(This article belongs to the Special Issue Smart Farming and Sustainability)
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Review

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Review
Current Progress and Future Prospects of Agriculture Technology: Gateway to Sustainable Agriculture
Sustainability 2021, 13(9), 4883; https://doi.org/10.3390/su13094883 - 27 Apr 2021
Cited by 1 | Viewed by 941
Abstract
The agricultural industry is getting more data-centric and requires precise, more advanced data and technologies than before, despite being familiar with agricultural processes. The agriculture industry is being advanced by various information and advanced communication technologies, such as the Internet of Things (IoT). [...] Read more.
The agricultural industry is getting more data-centric and requires precise, more advanced data and technologies than before, despite being familiar with agricultural processes. The agriculture industry is being advanced by various information and advanced communication technologies, such as the Internet of Things (IoT). The rapid emergence of these advanced technologies has restructured almost all other industries, as well as advanced agriculture, which has shifted the industry from a statistical approach to a quantitative one. This radical change has shaken existing farming techniques and produced the latest prospects in a series of challenges. This comprehensive review article enlightens the potential of the IoT in the advancement of agriculture and the challenges faced when combining these advanced technologies with conventional agricultural systems. A brief analysis of these advanced technologies with sensors is presented in advanced agricultural applications. Numerous sensors that can be implemented for specific agricultural practices require best management practices (e.g., land preparation, irrigation systems, insect, and disease management). This review includes the integration of all suitable techniques, from sowing to harvesting, packaging, transportation, and advanced technologies available for farmers throughout the cropping system. Besides, this review article highlights the utilization of other tools such as unmanned aerial vehicles (UAVs) for crop monitoring and other beneficiary measures, such as optimizing crop yields. In addition, advanced programs based on the IoT are also discussed. Finally, based on our comprehensive review, we identified advanced prospects regarding the IoT, which are essential tools for sustainable agriculture. Full article
(This article belongs to the Special Issue Smart Farming and Sustainability)
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Other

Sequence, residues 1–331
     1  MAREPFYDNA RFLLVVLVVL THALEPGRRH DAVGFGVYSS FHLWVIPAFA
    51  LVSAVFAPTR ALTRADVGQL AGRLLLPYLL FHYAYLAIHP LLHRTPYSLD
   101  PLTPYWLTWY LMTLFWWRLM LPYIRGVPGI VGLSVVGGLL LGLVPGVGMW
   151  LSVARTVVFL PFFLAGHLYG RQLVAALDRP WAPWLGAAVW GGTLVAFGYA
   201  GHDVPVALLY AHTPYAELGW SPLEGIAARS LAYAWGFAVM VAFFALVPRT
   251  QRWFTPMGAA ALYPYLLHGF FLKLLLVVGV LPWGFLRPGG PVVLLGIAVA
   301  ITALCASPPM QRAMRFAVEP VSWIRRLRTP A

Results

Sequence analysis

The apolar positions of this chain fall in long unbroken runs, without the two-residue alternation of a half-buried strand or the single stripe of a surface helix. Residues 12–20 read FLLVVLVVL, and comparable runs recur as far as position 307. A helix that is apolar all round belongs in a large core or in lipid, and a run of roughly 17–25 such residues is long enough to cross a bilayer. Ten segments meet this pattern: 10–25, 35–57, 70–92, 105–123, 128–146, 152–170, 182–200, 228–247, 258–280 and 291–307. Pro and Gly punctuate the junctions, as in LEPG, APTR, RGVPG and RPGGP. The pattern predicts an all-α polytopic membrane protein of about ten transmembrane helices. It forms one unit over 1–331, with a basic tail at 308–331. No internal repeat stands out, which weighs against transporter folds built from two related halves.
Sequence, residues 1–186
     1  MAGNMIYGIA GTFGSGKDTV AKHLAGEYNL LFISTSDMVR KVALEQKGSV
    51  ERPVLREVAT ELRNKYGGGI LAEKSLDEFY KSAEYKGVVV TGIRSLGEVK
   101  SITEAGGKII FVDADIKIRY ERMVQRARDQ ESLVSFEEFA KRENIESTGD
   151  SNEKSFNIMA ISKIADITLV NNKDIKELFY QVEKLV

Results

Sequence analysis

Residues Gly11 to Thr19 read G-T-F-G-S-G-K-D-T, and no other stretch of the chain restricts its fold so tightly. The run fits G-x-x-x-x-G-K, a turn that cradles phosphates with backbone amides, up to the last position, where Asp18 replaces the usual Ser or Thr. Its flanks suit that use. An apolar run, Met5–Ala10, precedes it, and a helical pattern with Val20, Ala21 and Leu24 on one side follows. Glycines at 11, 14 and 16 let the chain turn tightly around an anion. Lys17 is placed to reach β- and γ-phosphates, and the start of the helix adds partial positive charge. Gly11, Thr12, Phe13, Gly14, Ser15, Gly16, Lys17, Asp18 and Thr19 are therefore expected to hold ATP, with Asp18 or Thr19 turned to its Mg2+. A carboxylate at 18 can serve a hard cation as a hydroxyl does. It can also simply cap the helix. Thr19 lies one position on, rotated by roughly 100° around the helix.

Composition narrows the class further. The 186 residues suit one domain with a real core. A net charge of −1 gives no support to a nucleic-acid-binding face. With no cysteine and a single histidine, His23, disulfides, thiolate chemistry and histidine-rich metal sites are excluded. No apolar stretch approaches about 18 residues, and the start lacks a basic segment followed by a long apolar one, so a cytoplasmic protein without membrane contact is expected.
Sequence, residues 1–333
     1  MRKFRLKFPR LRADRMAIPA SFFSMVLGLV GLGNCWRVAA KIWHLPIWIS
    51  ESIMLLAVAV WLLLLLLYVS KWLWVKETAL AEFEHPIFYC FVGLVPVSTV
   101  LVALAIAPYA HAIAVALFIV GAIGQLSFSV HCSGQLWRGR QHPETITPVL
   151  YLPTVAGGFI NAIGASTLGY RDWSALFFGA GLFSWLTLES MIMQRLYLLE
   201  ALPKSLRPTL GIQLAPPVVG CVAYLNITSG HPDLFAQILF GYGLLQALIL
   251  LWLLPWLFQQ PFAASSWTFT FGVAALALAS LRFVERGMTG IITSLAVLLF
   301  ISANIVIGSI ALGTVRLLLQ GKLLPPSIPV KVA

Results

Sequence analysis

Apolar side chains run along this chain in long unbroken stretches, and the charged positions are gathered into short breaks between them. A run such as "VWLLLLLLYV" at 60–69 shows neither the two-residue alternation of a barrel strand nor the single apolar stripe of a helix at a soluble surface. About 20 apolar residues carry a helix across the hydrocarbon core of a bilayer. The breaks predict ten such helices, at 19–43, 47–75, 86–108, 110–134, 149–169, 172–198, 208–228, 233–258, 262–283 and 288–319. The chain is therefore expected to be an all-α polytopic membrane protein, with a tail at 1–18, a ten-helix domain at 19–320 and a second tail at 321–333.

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Technical Note
AgroTutor: A Mobile Phone Application Supporting Sustainable Agricultural Intensification
Sustainability 2020, 12(22), 9309; https://doi.org/10.3390/su12229309 - 10 Nov 2020
Cited by 2 | Viewed by 998
Abstract
Traditional agricultural extension services rely on extension workers, especially in countries with large agricultural areas. In order to increase adoption of sustainable agriculture, the recommendations given by such services must be adapted to local conditions and be provided in a timely manner. The [...] Read more.
Traditional agricultural extension services rely on extension workers, especially in countries with large agricultural areas. In order to increase adoption of sustainable agriculture, the recommendations given by such services must be adapted to local conditions and be provided in a timely manner. The AgroTutor mobile application was built to provide highly specific and timely agricultural recommendations to farmers across Mexico and complement the work of extension agents. At the same time, AgroTutor provides direct contributions to the United Nations Sustainable Development Goals, either by advancing their implementation or providing local data systems to measure and monitor specific indicators such as the proportion of agricultural area under productive and sustainable agriculture. The application is freely available and allows farmers to geo-locate and register plots and the crops grown there, using the phone’s built-in GPS, or alternatively, on top of very high-resolution imagery. Once a crop and some basic data such as planting date and cultivar type have been registered, the application provides targeted information such as weather, potential and historical yield, financial benchmarking information, data-driven recommendations, and commodity price forecasts. Farmers are also encouraged to contribute in-situ information, e.g., soils, management, and yield data. The information can then be used by crop models, which, in turn, send tailored results back to the farmers. Initial feedback from farmers and extension agents has already improved some of the application’s characteristics. More enhancements are planned for inclusion in the future to increase the application’s function as a decision support tool. Full article
(This article belongs to the Special Issue Smart Farming and Sustainability)